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Malleable Mallory Makes Many Faces

Skipton again! What I mean is another post about my Skipton Easter weekend, not that I have been again. I am going again, three more times in three different guises this summer, but this is still about the last visit.

These images are from the ‘unofficial’ pictures of the weekend, taken by Ruth. There weren’t that many (managing two little boys somewhat distracted her), and they were all taken during one conversation with one family. When I saw them I was surprised to see just how many different expressions I unconsciously employ when telling historical stories.

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If this is all from a few moments, I dread to think what umpteen other, stranger expressions I employ during an entire day of conversation. (Also, I wonder, does anyone really like seeing pictures of themselves?)

My two little boys obviously found my stories amusing.

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This last weekend, I was demoted from Governor of Skipton Castle, to a mere soldier of the garrison at Sandal Castle. Quite a transformation, certainly in terms of the amount of silk, black-work, braid and lacy bits!

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Although I play my Civil War characters less than my others, I do very much enjoy them, and at the moment am learning all about the battle of Naseby for a future booking. Imagine having to read history books. Bliss!

Click on the following link to find out more about the Civil War Castle Governor.

Easter at Skipton

It may have been Easter but the sun shined like Summer last weekend for my weekend at Skipton Castle as Colonel Sir John Mallory. As usual I very much enjoyed myself, talking to folk from beginning to end of my two days. We had some great enacted stories, with some dramatic ‘deaths’ from the children actors, although I have to say trying to teach 24 children in 4 ranks of 6 how to counter-march was somewhat difficult! Maybe if I had several months to do I could get results!

I perused maps, demonstrated musket drill, described this siege and that battle, talked about fashion (in both clothes and tactics), and on the Monday I even had interest in my collar – close up photographs, the lot! I think the images may even be going into a little magazine.

Here is an ‘official’ photo taken at the end of the day (thank you Sebastian) in which I am proudly wearing my new scarlet silk scarf. It wasn’t difficult to hand stitch, but at a good 12 feet long, it did take a bit of time!

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Click on the following link to find out more about the Civil War Castle Governor.
 

‘Woe and Alas!’

I wanted to show you some dramatic pictures created by children during ‘wet play-times’ and then given to me when I return to continue the session with them. Obviously caught up in the story of the Great Fire, they felt the need to commit to paper the images conjured in their minds by the tale I tell.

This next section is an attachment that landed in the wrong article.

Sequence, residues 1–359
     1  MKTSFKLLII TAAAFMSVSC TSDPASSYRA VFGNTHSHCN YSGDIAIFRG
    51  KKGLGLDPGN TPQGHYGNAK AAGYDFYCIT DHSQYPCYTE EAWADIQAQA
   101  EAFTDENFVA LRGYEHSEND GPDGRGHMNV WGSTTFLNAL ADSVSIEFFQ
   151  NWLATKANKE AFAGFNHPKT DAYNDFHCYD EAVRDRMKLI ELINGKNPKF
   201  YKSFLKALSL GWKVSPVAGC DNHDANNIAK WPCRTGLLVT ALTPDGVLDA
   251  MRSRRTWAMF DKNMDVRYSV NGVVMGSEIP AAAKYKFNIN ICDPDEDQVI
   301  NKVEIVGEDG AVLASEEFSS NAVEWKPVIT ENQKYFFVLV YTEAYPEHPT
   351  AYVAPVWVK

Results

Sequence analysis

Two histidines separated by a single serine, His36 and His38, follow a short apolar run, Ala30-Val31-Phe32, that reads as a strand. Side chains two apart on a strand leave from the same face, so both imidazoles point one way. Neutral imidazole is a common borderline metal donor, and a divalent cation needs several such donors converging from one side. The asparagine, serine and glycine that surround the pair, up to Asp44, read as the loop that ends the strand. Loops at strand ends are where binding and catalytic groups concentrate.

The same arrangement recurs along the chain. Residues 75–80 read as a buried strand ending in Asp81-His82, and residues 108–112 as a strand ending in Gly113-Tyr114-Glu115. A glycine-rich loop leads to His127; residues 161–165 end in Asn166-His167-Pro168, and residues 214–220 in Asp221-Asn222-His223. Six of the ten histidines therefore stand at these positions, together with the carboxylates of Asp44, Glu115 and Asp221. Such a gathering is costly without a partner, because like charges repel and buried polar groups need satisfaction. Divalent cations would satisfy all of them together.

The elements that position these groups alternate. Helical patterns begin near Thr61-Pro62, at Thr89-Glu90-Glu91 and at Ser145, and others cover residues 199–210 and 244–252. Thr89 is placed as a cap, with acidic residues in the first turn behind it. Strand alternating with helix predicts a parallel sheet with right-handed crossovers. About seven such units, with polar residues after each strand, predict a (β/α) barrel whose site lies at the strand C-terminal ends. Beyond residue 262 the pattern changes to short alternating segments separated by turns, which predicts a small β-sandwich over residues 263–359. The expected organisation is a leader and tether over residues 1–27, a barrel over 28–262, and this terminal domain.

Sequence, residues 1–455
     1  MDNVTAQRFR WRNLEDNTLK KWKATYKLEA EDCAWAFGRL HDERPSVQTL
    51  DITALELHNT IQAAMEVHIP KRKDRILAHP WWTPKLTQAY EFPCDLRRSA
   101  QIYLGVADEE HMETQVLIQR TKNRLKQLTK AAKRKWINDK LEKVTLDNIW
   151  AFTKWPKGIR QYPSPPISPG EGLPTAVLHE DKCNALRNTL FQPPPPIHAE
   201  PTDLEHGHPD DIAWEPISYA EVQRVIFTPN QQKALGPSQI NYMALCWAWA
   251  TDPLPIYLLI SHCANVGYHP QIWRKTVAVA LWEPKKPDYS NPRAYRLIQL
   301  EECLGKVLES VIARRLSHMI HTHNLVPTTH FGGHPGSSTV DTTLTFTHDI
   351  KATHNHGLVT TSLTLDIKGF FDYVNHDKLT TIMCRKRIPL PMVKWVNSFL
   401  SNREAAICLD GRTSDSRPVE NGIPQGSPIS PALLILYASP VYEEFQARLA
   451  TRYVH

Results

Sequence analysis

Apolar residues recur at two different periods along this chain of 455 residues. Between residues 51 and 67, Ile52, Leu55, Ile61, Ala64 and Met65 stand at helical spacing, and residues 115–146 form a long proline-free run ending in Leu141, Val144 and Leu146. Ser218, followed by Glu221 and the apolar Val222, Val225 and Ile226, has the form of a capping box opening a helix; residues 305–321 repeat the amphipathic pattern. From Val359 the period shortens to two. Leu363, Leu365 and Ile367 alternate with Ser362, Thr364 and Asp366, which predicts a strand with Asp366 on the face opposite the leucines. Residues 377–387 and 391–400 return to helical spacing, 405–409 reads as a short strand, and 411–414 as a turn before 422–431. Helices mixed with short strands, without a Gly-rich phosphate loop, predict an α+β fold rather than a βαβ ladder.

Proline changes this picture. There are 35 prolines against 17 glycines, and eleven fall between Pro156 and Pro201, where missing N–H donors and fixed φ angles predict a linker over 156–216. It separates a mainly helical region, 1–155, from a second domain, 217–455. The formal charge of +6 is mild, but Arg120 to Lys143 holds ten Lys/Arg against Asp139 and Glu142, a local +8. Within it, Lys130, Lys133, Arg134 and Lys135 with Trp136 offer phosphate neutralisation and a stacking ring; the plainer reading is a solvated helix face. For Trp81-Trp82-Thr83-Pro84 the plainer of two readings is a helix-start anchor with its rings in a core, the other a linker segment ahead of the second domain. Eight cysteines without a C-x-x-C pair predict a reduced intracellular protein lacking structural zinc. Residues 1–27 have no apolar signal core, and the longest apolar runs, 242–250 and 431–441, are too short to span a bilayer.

Here you can see the fire taking hold of one house, as thick black smoke pours from one side and the slate roof turns red with the heat!

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In this picture you can see a house of the better sort, a mansion house by my reckoning, engulfed by the fire. Also, if you look closely you can see a very foolish fellow standing a little too close. I am surprised he looks so composed.

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This is my favourite image, one drawn on two sheets of paper which were then cunningly fastened together to become one long strip. It depicts the River Thames crowded with boats, wherries and barges as people attempt to escape the fire with their possessions.

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I do believe these would make great illustrations for a poem from the time:

Great London that hath stood in state

Above six hundred years

In six days’ space

Woe and alas

Is burned and drowned in tears

Note: I suppose ‘In four and a bit days’ space wouldn’t have worked so well. The author must have applied for a poetic licence 🙂

Petite paintings of Petty

Recently Sir William Petty met with a large company of artists who were kind enough to sketch a multitude of portraits for him so that he could decide which sort of portrait he wanted.

Here I present the many faces of Sir William …

The Many Faces of Petty

Isn’t it interesting how this eye witness of the Great Fire of London looks so different through different witnesses eyes?
Click on the following link to find out more about Sir William Petty and the Great Fire of London.

Next time, some pictures of the raging fire drawn by inspired artists during ‘wet play times’.

 

Guy Fawkes Fun

And so ends two more weeks as Guy Fawkes, travelling from east to west (Hull to Huddersfield) and from north to south (Selby to Doncaster and Sheffield), enjoying myself very much at each and every school. As I decided last year, I grew my own beard for Fawkes this time – much more comfortable than gluing it on! Now it’s back to the Great Fire and pirates and highway robbery. More fun, then.

Here you can see Fawkes at a primary school near Selby, teaching the children how to use the ‘Babington cipher’ to send secret messages. The children turned out to be very able scholars and quickly mastered the art.

Secret Messages

Secret Messages

Later on in the day they proved themselves to be not only very good at hiding catholic priests from soldiers, but also very good artists. Fawkes left with a bundle of posters explaining who the people involved in the plot were, as well as some very good likenesses of himself!

Click on Guy Fawkes if you want to see more information about a day with the infamous fellow himself.